Most crucially, Mr President, section 67(2)(d) allows us to participate, individually or collectively, in gatherings or groups or in any other manner (including #thisflag posts on social media) in peaceful activities to influence, CHALLENGE or SUPPORT the policies of the government or *any* political party or *whatever* cause. This section accordingly allows me to CHALLENGE the policies of the Government and Zanu PF and to SUPPORT #thisflag.

These are my constitutional rights as a citizen. Section 2 of the Constitution (not I) provides that the Constitution is the SUPREME law of Zimbabwe (in other words it overrides the Constitution of Zanu PF or your personal sentiments on any issue). *Any* law, practice, custom or conduct inconsistent with it is invalid to the extent of the inconsistency. The inescapable conclusion therefore, is that to the extent that you undermined my political rights guaranteed by section 67 in your speech yesterday, your conduct in so doing was unconstitutional and invalid.

With all due respect, Mr President, this is not an insult or subversion. It’s the law, the supreme law that you agreed to, enacted and promised to respect.

Have a lovely, lovely day.

Yours sincerely

Adv F Mahere

‪#‎hatichada‬ ‪#‎hatichatya‬ #thisflag

Finally facing the one fact that has always managed to elude us: we are all Zimbabweans

Transitions: Views of life in a changing world


(Thank you to artist Barry Lungu for the stunning images of Zimbabwe)

I was born in what was then Rhodesia and from the time I was old enough to read, I was reading about turmoil in my country. I’ll never forget sitting across from my father one morning before school, in the days when everyone still had the daily newspaper delivered to their homes before breakfast, and reading on the front page the horrors of the war. There, in bold technicolour, was the photograph of a man who had been tortured and mutilated in the most horrific way…and I was so distraught I couldn’t eat my breakfast and cried all the way to school.

That was in the 70s. In the 80s it was another form of civil struggle which, at one time, became so bad that we all went back to the bad old war days when everyone drove…

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Dear short-sighted individual or corporate citizen:

Yes you who prefers to remain politically ‘neutral’; Yes you who is chief critic of any citizen protest movement without offering any alternatives; Yes you who is happy to be the only one who is thriving amongst your peers; Yes you who is presently one of the very few benefiting from a system that has disenfranchised 85% of the citizenry; Yes you who STAY 1believes that your individual profit from today is worth more than the collective gain of the majority in the long run; Yes you who fails to realize that it is your taxes that are sustaining a system that has forgotten its mandate to serve the people who oil its coffers; Yes you who is unmoved by the wailing of mothers beating empty pots as they cry out against hunger and poverty because you have never been to bed on an empty stomach; Yes you who forgets that we need to live our children a better country than the one we inherited. You are either a coward or you lack empathy for your fellow citizens or you are just part of the rot. So go ahead: sit by and quietly watch whilst fellow citizens are tortured and brutalized by the police; sit by and quietly watch whilst the few brave ones are abducted, arrested, detained or summoned for questioning for doing nothing except exercise their constitutionally guaranteed rights to demand accountability from a non-functional Government and self-serving leadership. Go ahead and set up your stall tomorrow or open your doors for business “as usual” when there is nothing “usual” about our situation. Just remember that  Each choice has consequences. Sit and do nothing and maintain the current status ,Or participate and reap the benefits of change .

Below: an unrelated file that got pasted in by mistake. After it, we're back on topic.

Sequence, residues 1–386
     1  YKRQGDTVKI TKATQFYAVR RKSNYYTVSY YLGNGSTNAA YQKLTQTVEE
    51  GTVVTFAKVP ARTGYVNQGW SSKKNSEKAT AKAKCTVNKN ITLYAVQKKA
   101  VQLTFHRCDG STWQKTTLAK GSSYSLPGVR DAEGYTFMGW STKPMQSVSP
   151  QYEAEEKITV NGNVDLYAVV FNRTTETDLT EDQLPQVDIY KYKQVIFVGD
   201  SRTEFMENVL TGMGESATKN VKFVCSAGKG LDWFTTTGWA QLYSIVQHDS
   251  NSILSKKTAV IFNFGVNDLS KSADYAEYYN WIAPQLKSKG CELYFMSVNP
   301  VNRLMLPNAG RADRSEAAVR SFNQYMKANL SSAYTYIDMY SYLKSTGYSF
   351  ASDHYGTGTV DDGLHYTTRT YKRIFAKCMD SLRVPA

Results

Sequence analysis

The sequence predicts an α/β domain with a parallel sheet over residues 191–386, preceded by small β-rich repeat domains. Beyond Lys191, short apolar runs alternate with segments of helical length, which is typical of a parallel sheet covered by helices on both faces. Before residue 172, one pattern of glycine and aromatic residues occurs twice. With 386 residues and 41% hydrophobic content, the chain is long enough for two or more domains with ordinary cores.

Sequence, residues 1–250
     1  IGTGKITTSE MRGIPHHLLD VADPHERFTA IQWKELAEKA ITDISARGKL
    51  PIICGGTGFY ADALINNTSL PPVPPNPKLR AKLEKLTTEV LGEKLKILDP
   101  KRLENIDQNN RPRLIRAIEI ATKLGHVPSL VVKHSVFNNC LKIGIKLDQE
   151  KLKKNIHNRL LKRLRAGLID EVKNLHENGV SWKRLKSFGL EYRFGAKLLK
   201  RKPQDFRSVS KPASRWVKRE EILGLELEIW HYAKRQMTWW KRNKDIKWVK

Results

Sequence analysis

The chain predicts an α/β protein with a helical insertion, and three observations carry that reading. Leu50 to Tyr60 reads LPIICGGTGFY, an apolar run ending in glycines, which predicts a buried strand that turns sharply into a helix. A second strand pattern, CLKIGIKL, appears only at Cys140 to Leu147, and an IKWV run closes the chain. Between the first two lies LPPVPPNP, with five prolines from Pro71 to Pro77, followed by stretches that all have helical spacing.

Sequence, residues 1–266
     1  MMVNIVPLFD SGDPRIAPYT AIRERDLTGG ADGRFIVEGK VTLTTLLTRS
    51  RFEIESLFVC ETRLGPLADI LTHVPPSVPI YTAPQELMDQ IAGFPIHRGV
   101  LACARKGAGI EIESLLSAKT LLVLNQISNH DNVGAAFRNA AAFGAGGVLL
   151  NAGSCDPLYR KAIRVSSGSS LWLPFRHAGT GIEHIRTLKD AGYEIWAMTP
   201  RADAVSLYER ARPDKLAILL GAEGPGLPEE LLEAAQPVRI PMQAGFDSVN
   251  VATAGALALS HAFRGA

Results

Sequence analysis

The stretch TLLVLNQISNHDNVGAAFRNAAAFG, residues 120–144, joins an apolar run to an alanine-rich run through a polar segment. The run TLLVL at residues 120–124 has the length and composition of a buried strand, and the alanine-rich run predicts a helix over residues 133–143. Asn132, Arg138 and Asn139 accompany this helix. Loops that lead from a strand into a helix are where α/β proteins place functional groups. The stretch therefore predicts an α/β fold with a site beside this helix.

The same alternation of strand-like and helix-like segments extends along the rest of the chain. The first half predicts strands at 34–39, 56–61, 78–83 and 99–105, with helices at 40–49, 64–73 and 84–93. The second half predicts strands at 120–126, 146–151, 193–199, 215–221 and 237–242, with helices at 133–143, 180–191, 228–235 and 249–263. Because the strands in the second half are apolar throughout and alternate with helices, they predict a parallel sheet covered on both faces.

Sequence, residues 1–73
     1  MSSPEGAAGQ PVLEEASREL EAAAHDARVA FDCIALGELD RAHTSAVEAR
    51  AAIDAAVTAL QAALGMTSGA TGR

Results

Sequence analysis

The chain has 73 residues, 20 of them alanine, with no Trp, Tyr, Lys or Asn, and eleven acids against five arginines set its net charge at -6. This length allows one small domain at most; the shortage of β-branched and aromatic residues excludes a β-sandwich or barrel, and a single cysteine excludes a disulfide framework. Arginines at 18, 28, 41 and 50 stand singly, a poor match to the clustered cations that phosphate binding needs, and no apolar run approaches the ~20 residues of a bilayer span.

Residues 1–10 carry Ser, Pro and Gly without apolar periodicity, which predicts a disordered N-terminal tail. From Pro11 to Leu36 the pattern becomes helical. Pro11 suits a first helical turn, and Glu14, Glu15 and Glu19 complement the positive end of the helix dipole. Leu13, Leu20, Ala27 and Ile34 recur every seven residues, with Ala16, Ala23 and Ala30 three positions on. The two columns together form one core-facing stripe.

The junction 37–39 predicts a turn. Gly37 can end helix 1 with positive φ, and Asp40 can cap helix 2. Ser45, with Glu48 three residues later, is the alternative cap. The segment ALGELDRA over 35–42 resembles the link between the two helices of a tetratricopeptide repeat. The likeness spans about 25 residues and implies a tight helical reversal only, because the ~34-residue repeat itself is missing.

The lost generation in Zimbabwe’s history

It has been a while since i shared an article on this  page , But with all that is going on here in Zimbabwe it needs to be done .so this an article by a brilliant Zimbabwean writer

Letter to Friends with News from Zimbabwe from Cathy Buckle     July 8, 2016, 10:20 am

Dear Family and Friends,

At five minutes to eight on the morning of Wednesday 6th July 2016 Zimbabweans’ mobile phones stopped clicking, whistling, vibrating and pinging as Whatsapp, Twitter, Skype and internet connections failed. It couldn’t have come at a worse time because this was National Shutdown Day and in an instant everyone’s ability to communicate quickly and cheaply was gone. Coincidental we wondered? It didn’t take long to discover that the silencing of social media was countrywide and no one could provide a technical explanation, or in fact any explanation. Zimbabweans voices might have been silenced but their resolve hadn’t because everyone, everywhere has had enough of the state of affairs in the country.


For a week prior to the shutdown social media was overflowing with messages calling people to stay at home on Wednesday 6th July 2016.  Most people didn’t have to think twice. More than 90% of people are unemployed, sitting on pavements selling goods bought across the border  in order to survive.  The recent announcement that  government was to ban the importation of many basic goods from neighbouring countries will cripple the livelihoods of hundreds of thousands of people in a single blow. Protests by traders  broke out at Beitbridge border, goods were confiscated, arrests were made, a warehouse was burnt, the border was temporarily closed and the situation continues as I write.  The government, however, seemed to be wearing a blindfold and didn’t see the huge problem they had caused to hundreds of thousands of people just trying to make a living.